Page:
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One of the 40 monasteries on the Holy Mount Athos.

Mount Athos – Garden of the Mother of God and Holiest of Holy Mountains to Some

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Mount Athos, known also as the Holy Mountain, is a mountain located in Greece. The site is a semi-autonomous republic of Eastern Orthodox monks and is considered to be one of the holiest places of the Eastern Orthodox Church. There are 20 large monasteries on Mount Athos, along with many other smaller ones, all of which come under the jurisdiction of the Ecumenical Patriarch of Constantinople.

Myths of the Origin of Mount Athos

Mount Athos is located on the easternmost of the three promontories of the Halkidiki peninsula in northern Greece. This mountain was already significant in ancient times, as there is an ancient Greek myth explaining how the mountain came into being. According to this myth, during the Gigantomachy (the battle between the gods and giants) there was a Thracian giant by the name of Athos. During the battle the giant threw a huge rock at Poseidon. The rock, however, slipped from Athos’ hand, fell into the sea and became Mount Athos. In another version of the myth, it was Poseidon who hurled the rock at Athos. The giant was crushed underneath the rock which became a mountain bearing his name.

Poseidon (left) holding a trident and battling a Giant. (Bibi Saint-Pol / Public Domain)

Poseidon (left) holding a trident and battling a Giant. (Bibi Saint-Pol / Public Domain)

According to the 5 th century Greek historian Herodotus, the Persian king Xerxes I, had dug a canal through the Athos isthmus during his invasion of Greece. This was done in order to avoid having to sail his fleet around this treacherous cape. Traces of this canal, which validates Herodotus’ claims, have been identified in modern times. Several small Greek settlements were built on Mount Athos up until the 3 rd century BC, though these did not last long, and the site remained uninhabited for many centuries.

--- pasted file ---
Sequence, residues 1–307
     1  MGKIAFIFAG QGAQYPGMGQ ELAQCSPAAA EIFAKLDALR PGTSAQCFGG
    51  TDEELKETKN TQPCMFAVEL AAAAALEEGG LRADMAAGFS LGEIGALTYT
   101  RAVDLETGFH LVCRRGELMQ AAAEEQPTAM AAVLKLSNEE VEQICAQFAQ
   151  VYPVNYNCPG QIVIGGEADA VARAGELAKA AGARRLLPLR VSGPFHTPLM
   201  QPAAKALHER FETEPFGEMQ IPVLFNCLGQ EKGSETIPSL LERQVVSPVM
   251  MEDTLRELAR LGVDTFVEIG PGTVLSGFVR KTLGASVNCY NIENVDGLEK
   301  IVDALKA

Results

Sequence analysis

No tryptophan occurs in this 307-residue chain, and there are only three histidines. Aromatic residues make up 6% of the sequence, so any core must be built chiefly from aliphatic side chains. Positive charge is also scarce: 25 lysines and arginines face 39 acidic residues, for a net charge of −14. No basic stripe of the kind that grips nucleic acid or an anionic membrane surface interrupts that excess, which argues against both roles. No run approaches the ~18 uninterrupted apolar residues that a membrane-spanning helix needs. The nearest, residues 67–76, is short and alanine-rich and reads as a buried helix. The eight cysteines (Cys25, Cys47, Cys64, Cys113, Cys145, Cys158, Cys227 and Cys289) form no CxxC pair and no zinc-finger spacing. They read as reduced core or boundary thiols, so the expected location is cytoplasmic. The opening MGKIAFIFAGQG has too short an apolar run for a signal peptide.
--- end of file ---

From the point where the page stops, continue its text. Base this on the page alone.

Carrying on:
The Monks of Mount Athos

The first monks arrived on Mount Athos during the 5 th century AD, drawn perhaps by the secluded nature of the site. Additionally, according to Christian tradition, when the Virgin Mary and Saint John the Evangelist were sailing to visit Saint Lazarus on Cyprus, they were blown off course and landed at Mount Athos. The Virgin Mary admired the beauty of the place so much that she asked God to give the mountain to her as a present. God granted her request and Mount Athos has been known since then as the ‘Garden of the Mother of God’. It is due to this tradition that women have never been allowed to visit this sacred site. Incidentally, female animals (with the exception of wild animals) are also prohibited from stepping foot on Mount Athos.

Although Mount Athos was already home to monks since the 5 th century AD, it was only in 963 AD that organized monastic life began at the site when the first monastery, the Great Laura, was founded by Saint Athanasius the Athonite, with the aid of his patron the Byzantine Emperor Nikephoros II Phokas. During the reign of Nikephoros’ successor, John I Tzimisces, the Rule of Saint Athanasius was imposed on the hermits living on Mount Athos and the site received its first charter.

Saint Athanasius the Athonite of Athos. (Sebastian Wallroth / Public Domain)

Saint Athanasius the Athonite of Athos. (Sebastian Wallroth / Public Domain)

The Monks Numbers Increased – Then Declined

In the centuries that followed, Mount Athos flourished as a center of Orthodox monasticism, as it received endowments not only from the Byzantines, but also from other Orthodox states. By the 15 th century, there were as many as 40 monasteries on Mount Athos and the number of monks living there is estimated to have been around 20,000. In 1430, Thessaloniki was captured by the Ottoman Turks and the monks of Mount Athos submitted to Turkish rule. As a result of this, the monasteries rapidly declined, became impoverished, and adopted a more liberal form of governance.

Mount Athos, Greece. Aleksandr / Adobe)

Mount Athos, Greece. Aleksandr / Adobe)

During the 19 th century, the War of Greek Independence, many of the monasteries’ libraries were burnt down by the Turks. In the same century, the patronage of the Russian tsars expanded the Russian monasteries and the properties on Mount Athos. In 1924 Mount Athos gained its present constitution, which made it part of Greece, while allowing it to retain its own autonomous government. This was guaranteed by the Constitution of Greece which was created in 1975. Finally, in 1988, Mount Athos was inscribed by UNESCO as a World Heritage Site.

Top image: One of the 40 monasteries on the Holy Mount Athos.                Source: The Eastern Orthodox / CC BY-SA 2.0

By Wu Mingren


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Who, What Why, 2016. Why are women banned from Mount Athos?. [Online] Available at:

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Wu Mingren (‘Dhwty’) has a Bachelor of Arts in Ancient History and Archaeology. Although his primary interest is in the ancient civilizations of the Near East, he is also interested in other geographical regions, as well as other time periods.... Read More

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